You are here

Kalihi Fire Station

-A A +A
1924, Robert G. Miller. 1742 N. King St.
  • (Photograph by Augie Salbosa)

Following the lines of the popular Spanish Mission style of the 1920s, the fire station remains a prominent landmark in this section of town, with its sixty-foot tower, vivid red tile roof, and contrasting cream-colored stucco walls. In addition to conferring a sense of status on the building, the tower functioned as a space to hang the cotton-sheathed rubber hoses to dry; with the advent of nylon hoses, the tower became strictly decorative. The Kalihi station is one of four fire stations erected during the prosperous years between 1924 and 1929. They all follow a similar plan and design. The others are the Kaimuki Fire Station on Koko Head Avenue, the Makiki Fire Station on Wilder Avenue, and the Kakaako Fire Station on South Street. Whereas the Kaimuki and Makiki stations replaced earlier wooden buildings, the construction of the Kalihi and Kakaako stations signified the need for increased fire protection in these growing districts.

Architect Robert G. Miller (1890–1953), a native of San Francisco, came to Honolulu in 1911, where he was employed as a draftsman in Thomas Gill's office. After serving in World War I, he returned to Hawaii and entered into partnership with Ernest J. Flores in 1919. Two years later he opened his own office. He was well known in the 1920s and 1930s for his works in a Spanish vocabulary. In addition to the Kalihi Fire Station, he also designed the Kaimuki Fire Station, Honolulu Hale (OA62), and numerous houses.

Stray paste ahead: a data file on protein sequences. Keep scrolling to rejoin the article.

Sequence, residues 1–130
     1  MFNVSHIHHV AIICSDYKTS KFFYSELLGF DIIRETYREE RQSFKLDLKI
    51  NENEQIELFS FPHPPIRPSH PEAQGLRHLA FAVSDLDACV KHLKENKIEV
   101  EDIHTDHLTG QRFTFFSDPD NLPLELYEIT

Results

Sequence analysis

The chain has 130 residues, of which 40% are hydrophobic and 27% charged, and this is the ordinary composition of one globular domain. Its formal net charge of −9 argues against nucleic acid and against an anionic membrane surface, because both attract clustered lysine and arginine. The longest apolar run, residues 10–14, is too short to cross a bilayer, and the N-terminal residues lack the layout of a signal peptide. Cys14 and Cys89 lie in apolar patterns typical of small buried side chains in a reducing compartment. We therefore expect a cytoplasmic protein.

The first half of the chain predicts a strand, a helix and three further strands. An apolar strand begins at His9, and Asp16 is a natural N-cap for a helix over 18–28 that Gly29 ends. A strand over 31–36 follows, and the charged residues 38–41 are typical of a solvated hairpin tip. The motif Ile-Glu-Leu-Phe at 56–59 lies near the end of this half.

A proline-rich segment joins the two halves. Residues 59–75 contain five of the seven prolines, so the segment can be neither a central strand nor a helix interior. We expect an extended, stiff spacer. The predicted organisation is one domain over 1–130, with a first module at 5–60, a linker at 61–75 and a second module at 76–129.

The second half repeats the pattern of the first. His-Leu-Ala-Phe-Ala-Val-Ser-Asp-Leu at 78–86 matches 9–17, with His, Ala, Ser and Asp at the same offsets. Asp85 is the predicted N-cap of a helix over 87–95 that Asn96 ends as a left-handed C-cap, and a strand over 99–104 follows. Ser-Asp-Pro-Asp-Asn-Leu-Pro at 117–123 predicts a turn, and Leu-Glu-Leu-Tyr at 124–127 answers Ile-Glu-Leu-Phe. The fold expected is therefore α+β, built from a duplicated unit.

Writing Credits

Don J. Hibbard


What's Nearby


Don J. Hibbard, "Kalihi Fire Station", [Honolulu, Hawaii], SAH Archipedia, eds. Gabrielle Esperdy and Karen Kingsley, Charlottesville: UVaP, 2012—,

Print Source

Cover: Buildings of Hawaii

Buildings of Hawaii, Don J. Hibbard. Charlottesville: University of Virginia Press, 2011, 84-85.

If SAH Archipedia has been useful to you, please consider supporting it.

SAH Archipedia tells the story of the United States through its buildings, landscapes, and cities. This freely available resource empowers the public with authoritative knowledge that deepens their understanding and appreciation of the built environment. But the Society of Architectural Historians, which created SAH Archipedia with University of Virginia Press, needs your support to maintain the high-caliber research, writing, photography, cartography, editing, design, and programming that make SAH Archipedia a trusted online resource available to all who value the history of place, heritage tourism, and learning.